The Thirteen Liner
The Great Outdoors | April 1, 2019
By Jackie Scharfenberg, Forest Naturalist, Wisconsin Department of Natural Resources
I’d like to see you jump right out of bed after sleeping for six months! We thirteen-lined ground squirrels (Spermophilus tridecemlineatus) hibernate from late September/October to April/early May. Our heart rate decreases from 200-350 beats per minutes to only 5-20 beats per minute; while our breathing goes from 100-200 breaths per minute to once every five minutes. Our body temperature drops to just above freezing. We hibernate curled up in a tight ball, in our sealed underground den, and lose about a third of our body weight over winter.
We measure about eleven inches from nose tip to the end of our black-striped, skinny, slightly bushy, four-inch tails. Check out our tiny ears. Thirteen strips of alternating dark and light stripes go along our backs with the darker, wider, stripes highlighted with light spots in their centers. The rest of our bodies appear tan with overtones of yellow or orange. We run with our tails held straight out behind us; not up in the air. We weigh about the same as a chocolate bar; our females weigh a bit more.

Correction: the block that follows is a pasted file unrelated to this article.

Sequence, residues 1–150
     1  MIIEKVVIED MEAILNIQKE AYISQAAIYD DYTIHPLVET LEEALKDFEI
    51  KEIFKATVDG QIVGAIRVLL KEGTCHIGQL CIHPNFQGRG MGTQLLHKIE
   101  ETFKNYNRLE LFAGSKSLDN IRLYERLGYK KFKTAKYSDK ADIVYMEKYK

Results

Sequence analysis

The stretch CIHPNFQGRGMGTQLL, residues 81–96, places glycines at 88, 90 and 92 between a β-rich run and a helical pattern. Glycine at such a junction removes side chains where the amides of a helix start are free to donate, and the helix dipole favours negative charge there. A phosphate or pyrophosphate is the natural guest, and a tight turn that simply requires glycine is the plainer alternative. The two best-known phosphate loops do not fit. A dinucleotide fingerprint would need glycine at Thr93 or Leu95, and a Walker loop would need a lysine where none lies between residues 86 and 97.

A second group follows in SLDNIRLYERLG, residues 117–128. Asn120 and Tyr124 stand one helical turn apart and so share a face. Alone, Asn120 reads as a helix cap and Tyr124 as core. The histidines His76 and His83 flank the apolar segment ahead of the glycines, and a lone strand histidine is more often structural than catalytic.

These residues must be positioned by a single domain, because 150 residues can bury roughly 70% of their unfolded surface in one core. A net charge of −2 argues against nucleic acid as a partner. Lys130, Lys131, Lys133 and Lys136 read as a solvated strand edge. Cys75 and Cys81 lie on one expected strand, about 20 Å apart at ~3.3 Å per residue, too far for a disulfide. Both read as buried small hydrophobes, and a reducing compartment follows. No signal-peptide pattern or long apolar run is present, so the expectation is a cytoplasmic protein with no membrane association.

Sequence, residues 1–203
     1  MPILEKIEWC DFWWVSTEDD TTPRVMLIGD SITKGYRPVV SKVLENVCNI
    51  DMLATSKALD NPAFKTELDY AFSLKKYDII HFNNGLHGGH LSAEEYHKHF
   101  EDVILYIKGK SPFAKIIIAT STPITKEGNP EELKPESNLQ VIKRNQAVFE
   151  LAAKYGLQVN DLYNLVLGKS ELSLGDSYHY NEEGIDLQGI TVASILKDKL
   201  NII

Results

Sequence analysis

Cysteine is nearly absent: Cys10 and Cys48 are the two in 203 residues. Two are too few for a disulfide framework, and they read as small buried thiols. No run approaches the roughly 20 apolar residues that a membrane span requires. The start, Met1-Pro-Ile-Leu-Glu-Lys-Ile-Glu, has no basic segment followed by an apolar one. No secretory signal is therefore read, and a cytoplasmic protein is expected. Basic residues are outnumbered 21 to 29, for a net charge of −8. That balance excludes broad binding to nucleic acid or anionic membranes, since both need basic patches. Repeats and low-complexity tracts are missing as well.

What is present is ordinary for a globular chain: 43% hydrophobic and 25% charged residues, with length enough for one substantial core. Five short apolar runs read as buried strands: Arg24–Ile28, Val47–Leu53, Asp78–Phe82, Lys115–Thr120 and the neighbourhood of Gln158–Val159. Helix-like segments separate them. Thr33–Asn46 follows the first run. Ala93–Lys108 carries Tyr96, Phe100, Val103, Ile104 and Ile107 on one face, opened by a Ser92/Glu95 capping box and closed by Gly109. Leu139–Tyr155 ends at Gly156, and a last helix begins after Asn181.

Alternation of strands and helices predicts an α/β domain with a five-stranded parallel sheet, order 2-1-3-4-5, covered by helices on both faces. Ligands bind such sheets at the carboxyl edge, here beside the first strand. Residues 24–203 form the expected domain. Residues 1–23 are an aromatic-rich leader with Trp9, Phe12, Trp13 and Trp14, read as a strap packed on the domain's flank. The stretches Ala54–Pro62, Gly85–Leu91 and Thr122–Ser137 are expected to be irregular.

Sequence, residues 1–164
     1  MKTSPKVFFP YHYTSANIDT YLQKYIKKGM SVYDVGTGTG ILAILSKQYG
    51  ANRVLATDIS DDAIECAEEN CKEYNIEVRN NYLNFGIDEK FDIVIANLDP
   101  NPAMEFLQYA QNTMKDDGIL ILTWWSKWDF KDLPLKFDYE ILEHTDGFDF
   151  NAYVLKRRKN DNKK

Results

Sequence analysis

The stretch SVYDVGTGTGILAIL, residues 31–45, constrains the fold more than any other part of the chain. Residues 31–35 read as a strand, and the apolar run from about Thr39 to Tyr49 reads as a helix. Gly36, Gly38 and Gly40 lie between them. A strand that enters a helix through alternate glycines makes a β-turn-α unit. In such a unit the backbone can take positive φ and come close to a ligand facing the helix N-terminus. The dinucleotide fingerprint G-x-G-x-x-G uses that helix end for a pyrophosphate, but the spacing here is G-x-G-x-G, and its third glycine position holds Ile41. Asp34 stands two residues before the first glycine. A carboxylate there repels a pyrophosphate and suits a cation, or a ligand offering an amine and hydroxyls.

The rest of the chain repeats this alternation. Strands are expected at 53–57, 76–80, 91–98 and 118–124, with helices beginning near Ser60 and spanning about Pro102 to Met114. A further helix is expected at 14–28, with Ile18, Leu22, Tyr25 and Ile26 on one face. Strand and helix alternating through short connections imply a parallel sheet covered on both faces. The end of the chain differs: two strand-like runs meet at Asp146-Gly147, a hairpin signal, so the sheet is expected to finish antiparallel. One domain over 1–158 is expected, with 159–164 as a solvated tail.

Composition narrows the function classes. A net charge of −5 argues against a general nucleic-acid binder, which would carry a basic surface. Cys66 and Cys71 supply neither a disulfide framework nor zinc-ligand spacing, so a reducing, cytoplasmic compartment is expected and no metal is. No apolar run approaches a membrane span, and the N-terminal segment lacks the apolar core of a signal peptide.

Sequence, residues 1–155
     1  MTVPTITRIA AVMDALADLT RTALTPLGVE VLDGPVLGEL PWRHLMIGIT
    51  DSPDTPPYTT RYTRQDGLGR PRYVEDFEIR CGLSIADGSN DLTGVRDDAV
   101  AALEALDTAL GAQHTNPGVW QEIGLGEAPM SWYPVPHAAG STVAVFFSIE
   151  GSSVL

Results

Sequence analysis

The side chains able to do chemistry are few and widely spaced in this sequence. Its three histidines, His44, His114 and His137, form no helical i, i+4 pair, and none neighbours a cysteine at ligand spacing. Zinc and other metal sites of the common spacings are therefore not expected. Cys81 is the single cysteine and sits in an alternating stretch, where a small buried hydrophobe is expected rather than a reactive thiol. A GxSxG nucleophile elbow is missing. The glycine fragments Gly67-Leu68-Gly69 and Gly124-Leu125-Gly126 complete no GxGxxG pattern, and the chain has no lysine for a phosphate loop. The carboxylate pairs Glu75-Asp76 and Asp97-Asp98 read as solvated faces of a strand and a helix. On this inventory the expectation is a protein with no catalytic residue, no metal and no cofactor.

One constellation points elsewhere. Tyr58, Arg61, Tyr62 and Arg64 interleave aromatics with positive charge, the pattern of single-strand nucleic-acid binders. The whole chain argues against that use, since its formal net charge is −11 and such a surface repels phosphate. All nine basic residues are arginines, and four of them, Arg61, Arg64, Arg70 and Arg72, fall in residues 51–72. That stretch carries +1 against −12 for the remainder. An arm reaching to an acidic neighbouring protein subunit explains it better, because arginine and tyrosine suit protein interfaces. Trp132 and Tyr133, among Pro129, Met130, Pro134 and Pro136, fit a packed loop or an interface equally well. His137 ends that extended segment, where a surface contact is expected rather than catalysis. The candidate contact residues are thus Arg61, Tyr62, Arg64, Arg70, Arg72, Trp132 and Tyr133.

Our Territory & Predators
We love warm, sunny days for scampering through wide-open areas with short grass and well-drained sandy or loamy soils (good for digging). This includes prairies, fields, golf courses, road sides, cemeteries, pastures, and parks. You won’t catch us scurrying about in the dark or on most cloudy days.
We use our excellent vision while standing on our hind legs to search for danger. If we spy a predator like a hawk, snake, owl, fox, coyote, or weasel, we whistle a high pitched “churrrr” to warn our neighbors and family. We also possess outstanding senses of smell and touch. We often rub glands located around our mouths on objects to mark our territory. We great each other by touching noses and lips; something like kissing.
We are champion burrow diggers, which is a good thing, since we spend half of our lives in our burrows. We dig short burrows for dodging into when danger threatens. Our main borrow starts with a two-inch hole hidden by plants. Just beyond the opening, we construct an “L” to trick burrowing predators, like badgers, into thinking the tunnel ends. We dig most of our 15-20-foot long tunnels in the top two feet of the soil with several side passages and special lower chambers for hibernating and raising our young.
For half of our diet, we eat all kinds of seeds and green plants like grass and clover. For the other half, we consume a variety of insects and other animals including grasshoppers (yum!), caterpillars, beetles, ants, mice, earthworms, small birds, and sometimes each other. We store nuts, seeds, and dried plants for those cloudy days and for late fall and early spring. We carry the food we store to our dens inside our cheek pouches. We rarely drink water and, instead, rely on the water in the food we eat.
Next time you find yourself in a short-grass opening, see if you can find us before we spy you and dodge into a nearby burrow!